Is K-Bro Linen (TSE:KBL) Using Too Much Debt?

By
Simply Wall St
Published
March 17, 2022
TSX:KBL
Source: Shutterstock

The external fund manager backed by Berkshire Hathaway's Charlie Munger, Li Lu, makes no bones about it when he says 'The biggest investment risk is not the volatility of prices, but whether you will suffer a permanent loss of capital.' So it seems the smart money knows that debt - which is usually involved in bankruptcies - is a very important factor, when you assess how risky a company is. Importantly, K-Bro Linen Inc. (TSE:KBL) does carry debt. But is this debt a concern to shareholders?

What Risk Does Debt Bring?

Debt is a tool to help businesses grow, but if a business is incapable of paying off its lenders, then it exists at their mercy. Ultimately, if the company can't fulfill its legal obligations to repay debt, shareholders could walk away with nothing. While that is not too common, we often do see indebted companies permanently diluting shareholders because lenders force them to raise capital at a distressed price. Of course, debt can be an important tool in businesses, particularly capital heavy businesses. When we think about a company's use of debt, we first look at cash and debt together.

Check out our latest analysis for K-Bro Linen

How Much Debt Does K-Bro Linen Carry?

You can click the graphic below for the historical numbers, but it shows that K-Bro Linen had CA$38.3m of debt in September 2021, down from CA$40.7m, one year before. However, because it has a cash reserve of CA$1.90m, its net debt is less, at about CA$36.4m.

debt-equity-history-analysis
TSX:KBL Debt to Equity History March 17th 2022

How Strong Is K-Bro Linen's Balance Sheet?

Zooming in on the latest balance sheet data, we can see that K-Bro Linen had liabilities of CA$45.2m due within 12 months and liabilities of CA$97.6m due beyond that. Offsetting these obligations, it had cash of CA$1.90m as well as receivables valued at CA$39.4m due within 12 months. So its liabilities outweigh the sum of its cash and (near-term) receivables by CA$101.5m.

While this might seem like a lot, it is not so bad since K-Bro Linen has a market capitalization of CA$328.9m, and so it could probably strengthen its balance sheet by raising capital if it needed to. But it's clear that we should definitely closely examine whether it can manage its debt without dilution.

In order to size up a company's debt relative to its earnings, we calculate its net debt divided by its earnings before interest, tax, depreciation, and amortization (EBITDA) and its earnings before interest and tax (EBIT) divided by its interest expense (its interest cover). Thus we consider debt relative to earnings both with and without depreciation and amortization expenses.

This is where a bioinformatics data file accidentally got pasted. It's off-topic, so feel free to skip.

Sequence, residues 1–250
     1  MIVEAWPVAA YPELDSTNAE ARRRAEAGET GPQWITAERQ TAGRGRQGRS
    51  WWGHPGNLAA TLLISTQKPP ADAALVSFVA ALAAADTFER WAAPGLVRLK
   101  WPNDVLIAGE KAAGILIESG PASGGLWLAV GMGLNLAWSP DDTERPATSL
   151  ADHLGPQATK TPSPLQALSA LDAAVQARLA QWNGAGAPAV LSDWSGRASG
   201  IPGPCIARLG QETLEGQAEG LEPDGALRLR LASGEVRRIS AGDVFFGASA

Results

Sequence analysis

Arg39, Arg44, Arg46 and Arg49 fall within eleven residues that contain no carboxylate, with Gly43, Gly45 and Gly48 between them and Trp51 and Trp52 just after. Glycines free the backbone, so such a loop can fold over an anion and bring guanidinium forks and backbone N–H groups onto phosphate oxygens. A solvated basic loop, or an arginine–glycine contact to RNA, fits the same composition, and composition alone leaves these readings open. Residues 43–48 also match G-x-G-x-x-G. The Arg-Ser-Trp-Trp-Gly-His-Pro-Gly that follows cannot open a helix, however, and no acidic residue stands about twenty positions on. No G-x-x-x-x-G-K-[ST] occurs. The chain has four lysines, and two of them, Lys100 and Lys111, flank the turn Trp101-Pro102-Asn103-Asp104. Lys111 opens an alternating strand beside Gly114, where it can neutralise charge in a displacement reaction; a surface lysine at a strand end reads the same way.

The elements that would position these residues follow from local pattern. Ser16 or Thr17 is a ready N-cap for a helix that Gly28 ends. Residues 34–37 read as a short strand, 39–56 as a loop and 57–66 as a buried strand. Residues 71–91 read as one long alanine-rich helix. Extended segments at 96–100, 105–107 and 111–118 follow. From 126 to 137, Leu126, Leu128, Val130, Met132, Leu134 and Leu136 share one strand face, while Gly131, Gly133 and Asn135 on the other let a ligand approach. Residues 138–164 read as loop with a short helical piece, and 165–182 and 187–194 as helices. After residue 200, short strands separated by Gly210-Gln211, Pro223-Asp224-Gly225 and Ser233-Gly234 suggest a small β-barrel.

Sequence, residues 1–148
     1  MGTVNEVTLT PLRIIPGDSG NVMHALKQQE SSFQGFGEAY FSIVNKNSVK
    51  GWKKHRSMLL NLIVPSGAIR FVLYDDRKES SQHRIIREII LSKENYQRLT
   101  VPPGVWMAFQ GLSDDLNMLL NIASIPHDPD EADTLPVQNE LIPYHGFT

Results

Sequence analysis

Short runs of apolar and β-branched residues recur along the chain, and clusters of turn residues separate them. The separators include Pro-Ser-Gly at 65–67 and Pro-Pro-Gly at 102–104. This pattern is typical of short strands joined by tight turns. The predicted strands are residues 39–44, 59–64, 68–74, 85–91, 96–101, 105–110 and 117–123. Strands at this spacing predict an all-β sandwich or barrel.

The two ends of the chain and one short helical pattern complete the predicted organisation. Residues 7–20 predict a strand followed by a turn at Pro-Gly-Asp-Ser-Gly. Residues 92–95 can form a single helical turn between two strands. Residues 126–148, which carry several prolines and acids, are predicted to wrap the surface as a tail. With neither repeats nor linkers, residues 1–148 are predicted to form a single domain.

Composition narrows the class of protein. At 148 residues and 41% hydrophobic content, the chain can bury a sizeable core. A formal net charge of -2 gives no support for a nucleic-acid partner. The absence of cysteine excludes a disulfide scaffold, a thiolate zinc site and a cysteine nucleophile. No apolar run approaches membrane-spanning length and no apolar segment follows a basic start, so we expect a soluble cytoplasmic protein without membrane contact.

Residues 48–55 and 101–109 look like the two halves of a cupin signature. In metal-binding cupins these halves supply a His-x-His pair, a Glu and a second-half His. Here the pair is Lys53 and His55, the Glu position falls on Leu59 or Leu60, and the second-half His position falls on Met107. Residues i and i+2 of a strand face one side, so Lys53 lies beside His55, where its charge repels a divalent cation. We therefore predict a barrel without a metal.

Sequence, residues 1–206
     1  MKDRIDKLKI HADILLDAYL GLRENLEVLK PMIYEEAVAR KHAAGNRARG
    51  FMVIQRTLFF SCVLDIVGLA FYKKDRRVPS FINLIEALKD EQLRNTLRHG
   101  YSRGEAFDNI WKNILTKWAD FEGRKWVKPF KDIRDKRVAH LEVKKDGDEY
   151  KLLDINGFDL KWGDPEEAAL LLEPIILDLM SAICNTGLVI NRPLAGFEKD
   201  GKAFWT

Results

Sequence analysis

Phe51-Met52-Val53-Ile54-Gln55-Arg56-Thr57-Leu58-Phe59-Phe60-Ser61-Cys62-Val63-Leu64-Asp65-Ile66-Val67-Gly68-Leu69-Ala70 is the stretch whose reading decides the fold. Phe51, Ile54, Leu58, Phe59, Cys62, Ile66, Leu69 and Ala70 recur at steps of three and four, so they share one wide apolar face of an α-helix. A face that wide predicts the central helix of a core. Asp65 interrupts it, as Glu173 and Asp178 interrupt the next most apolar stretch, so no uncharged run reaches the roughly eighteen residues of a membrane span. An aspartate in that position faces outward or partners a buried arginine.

Looking at its net debt to EBITDA of 0.90 and interest cover of 4.2 times, it seems to us that K-Bro Linen is probably using debt in a pretty reasonable way. So we'd recommend keeping a close eye on the impact financing costs are having on the business. Pleasingly, K-Bro Linen is growing its EBIT faster than former Australian PM Bob Hawke downs a yard glass, boasting a 216% gain in the last twelve months. The balance sheet is clearly the area to focus on when you are analysing debt. But ultimately the future profitability of the business will decide if K-Bro Linen can strengthen its balance sheet over time. So if you're focused on the future you can check out this free report showing analyst profit forecasts.

But our final consideration is also important, because a company cannot pay debt with paper profits; it needs cold hard cash. So it's worth checking how much of that EBIT is backed by free cash flow. Happily for any shareholders, K-Bro Linen actually produced more free cash flow than EBIT over the last three years. There's nothing better than incoming cash when it comes to staying in your lenders' good graces.

Our View

The good news is that K-Bro Linen's demonstrated ability to convert EBIT to free cash flow delights us like a fluffy puppy does a toddler. But, on a more sombre note, we are a little concerned by its interest cover. Zooming out, K-Bro Linen seems to use debt quite reasonably; and that gets the nod from us. After all, sensible leverage can boost returns on equity. When analysing debt levels, the balance sheet is the obvious place to start. However, not all investment risk resides within the balance sheet - far from it. We've identified 2 warning signs with K-Bro Linen , and understanding them should be part of your investment process.

Of course, if you're the type of investor who prefers buying stocks without the burden of debt, then don't hesitate to discover our exclusive list of net cash growth stocks, today.

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